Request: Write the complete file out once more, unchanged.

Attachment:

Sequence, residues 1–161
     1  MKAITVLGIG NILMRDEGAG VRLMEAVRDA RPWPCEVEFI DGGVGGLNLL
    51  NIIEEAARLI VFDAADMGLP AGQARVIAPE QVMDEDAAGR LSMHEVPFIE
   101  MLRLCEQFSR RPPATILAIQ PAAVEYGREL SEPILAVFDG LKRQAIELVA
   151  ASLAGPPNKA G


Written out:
Sequence, residues 1–161
     1  MKAITVLGIG NILMRDEGAG VRLMEAVRDA RPWPCEVEFI DGGVGGLNLL
    51  NIIEEAARLI VFDAADMGLP AGQARVIAPE QVMDEDAAGR LSMHEVPFIE
   101  MLRLCEQFSR RPPATILAIQ PAAVEYGREL SEPILAVFDG LKRQAIELVA
   151  ASLAGPPNKA G